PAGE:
DETROIT — In each of the past five summers, General Motors has dedicated a week to redoubling its commitment to safety and burying the culture that allowed a deadly ignition-switch defect to go unfixed for more than a decade.
The latest Global Safety Week included an unplanned reminder of the challenge GM faces and the consequences of inaction.
Just before CEO Mary Barra told employees in a companywide broadcast to make safety “a daily priority and every-minute priority,” regulators disclosed that GM is recalling nearly 3.5 million large pickups and SUVs for a brake problem that it has been dealing with internally since at least 2015. The defect is tied to 113 accidents, 13 injuries and hundreds of complaints, most of which have poured in since federal regulators at NHTSA opened an investigation last fall.
It’s one of the largest recalls by any automaker since the ignition-switch defect surfaced in 2014 and affects more U.S. vehicles than GM has recalled in each of the past two years.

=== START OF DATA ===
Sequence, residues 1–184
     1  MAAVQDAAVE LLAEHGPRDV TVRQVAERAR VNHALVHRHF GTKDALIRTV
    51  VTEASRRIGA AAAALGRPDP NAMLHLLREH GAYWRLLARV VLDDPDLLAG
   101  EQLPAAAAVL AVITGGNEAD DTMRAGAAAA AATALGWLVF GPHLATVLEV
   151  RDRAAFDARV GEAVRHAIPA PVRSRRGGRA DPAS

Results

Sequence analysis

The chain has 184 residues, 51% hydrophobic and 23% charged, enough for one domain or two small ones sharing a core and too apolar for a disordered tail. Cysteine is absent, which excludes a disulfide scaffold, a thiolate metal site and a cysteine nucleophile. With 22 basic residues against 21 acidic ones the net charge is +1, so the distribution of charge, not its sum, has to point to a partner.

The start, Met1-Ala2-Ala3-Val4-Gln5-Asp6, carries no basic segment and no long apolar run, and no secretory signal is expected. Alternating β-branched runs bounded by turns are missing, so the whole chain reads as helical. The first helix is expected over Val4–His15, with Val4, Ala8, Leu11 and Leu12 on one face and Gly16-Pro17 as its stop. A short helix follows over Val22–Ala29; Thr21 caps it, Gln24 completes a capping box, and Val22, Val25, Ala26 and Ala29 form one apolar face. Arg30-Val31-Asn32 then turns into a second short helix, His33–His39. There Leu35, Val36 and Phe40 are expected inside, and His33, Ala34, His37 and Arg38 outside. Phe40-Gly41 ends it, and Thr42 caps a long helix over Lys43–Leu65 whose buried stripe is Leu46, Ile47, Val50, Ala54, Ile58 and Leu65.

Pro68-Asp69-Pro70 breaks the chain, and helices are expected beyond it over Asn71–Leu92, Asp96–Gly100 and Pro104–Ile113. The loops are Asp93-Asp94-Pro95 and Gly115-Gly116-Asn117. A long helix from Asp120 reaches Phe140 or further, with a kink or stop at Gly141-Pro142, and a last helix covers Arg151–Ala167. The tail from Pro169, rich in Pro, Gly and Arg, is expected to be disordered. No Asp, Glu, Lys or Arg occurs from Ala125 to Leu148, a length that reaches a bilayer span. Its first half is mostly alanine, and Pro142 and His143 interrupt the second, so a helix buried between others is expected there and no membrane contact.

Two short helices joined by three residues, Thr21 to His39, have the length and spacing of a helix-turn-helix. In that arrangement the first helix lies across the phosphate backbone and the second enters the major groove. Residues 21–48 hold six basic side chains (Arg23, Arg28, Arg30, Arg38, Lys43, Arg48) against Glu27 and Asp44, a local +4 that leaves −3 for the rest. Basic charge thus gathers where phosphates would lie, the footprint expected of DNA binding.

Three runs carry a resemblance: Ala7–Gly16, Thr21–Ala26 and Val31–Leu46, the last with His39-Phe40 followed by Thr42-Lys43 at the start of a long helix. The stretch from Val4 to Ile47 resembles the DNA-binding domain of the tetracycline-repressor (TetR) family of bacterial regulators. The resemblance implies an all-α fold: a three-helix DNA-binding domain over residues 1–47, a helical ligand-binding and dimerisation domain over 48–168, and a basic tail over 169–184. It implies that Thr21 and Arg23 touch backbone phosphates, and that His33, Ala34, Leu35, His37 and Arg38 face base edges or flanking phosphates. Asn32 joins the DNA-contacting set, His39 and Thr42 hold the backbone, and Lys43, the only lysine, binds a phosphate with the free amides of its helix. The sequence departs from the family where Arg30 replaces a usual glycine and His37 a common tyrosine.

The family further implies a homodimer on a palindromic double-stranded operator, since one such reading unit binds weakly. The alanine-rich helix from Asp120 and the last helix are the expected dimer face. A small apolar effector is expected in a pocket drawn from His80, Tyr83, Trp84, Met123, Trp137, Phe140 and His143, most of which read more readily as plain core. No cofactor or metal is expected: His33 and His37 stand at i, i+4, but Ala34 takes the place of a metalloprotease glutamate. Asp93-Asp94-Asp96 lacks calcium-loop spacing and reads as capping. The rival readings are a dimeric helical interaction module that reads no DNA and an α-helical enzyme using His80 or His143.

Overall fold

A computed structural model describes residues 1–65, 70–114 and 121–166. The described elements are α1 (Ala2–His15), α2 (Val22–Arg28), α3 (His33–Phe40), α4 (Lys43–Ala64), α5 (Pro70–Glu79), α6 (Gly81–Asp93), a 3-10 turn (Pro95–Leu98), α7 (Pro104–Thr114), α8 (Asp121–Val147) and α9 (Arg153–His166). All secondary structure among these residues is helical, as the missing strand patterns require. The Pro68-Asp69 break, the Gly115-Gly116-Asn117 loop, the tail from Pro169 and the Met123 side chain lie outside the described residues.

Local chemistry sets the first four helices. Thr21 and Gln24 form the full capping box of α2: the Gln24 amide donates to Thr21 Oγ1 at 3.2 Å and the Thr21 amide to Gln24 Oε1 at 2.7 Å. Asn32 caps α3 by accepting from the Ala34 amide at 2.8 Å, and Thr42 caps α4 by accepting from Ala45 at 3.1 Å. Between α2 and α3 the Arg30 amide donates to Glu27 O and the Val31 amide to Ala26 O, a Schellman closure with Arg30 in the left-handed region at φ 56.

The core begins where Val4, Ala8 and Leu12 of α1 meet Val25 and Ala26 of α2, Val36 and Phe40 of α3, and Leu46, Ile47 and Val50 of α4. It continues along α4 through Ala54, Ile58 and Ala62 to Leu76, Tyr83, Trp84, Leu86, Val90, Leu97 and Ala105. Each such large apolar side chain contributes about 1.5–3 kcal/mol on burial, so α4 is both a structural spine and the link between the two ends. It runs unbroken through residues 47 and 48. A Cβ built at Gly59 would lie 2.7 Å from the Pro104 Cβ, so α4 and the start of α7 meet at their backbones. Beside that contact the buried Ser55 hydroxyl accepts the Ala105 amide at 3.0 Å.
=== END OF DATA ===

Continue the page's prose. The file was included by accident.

“We dedicated ourselves to work together to solve this problem,” Barra said last week, referring to GM’s post-2014 emphasis on safety. “And until we get to a company where we have zero crashes and a workplace where we have zero injuries, we need to think about this as a marathon with no finish line.”
Unlike the ignition-switch defect, the brake problem — a loss of vacuum pump assist can make the pedal hard to press — isn’t linked to any deaths, in part because it often occurs at low speeds. GM told NHTSA it thinks only about 2 percent of the recalled vehicles have the problem, which can be fixed by reprogramming the brake control module, and said the cost is not expected to be material, despite the large number of vehicles.
But documents on NHTSA’s website and class-action lawsuits against GM show that it’s another case of the company taking numerous lesser actions, starting with a one-page service bulletin in February 2015, before ultimately approving a full recall. It sent four updates of the bulletin to dealers over three and a half years, offered a warranty extension in April and launched a customer-satisfaction campaign in August. GM recalled the same vehicles in Canada more than two months sooner.
The timing of the recall announcement and Global Safety Week was coincidental, GM spokesman Dan Flores said. He acknowledged that employees might wonder why a company so focused on safety had to recall millions of vehicles.
“Regardless of the timing of the recall, we’re committed to do the right thing for the customer,” he said. “We unfortunately had to learn the hard way following the ignition-switch recall.”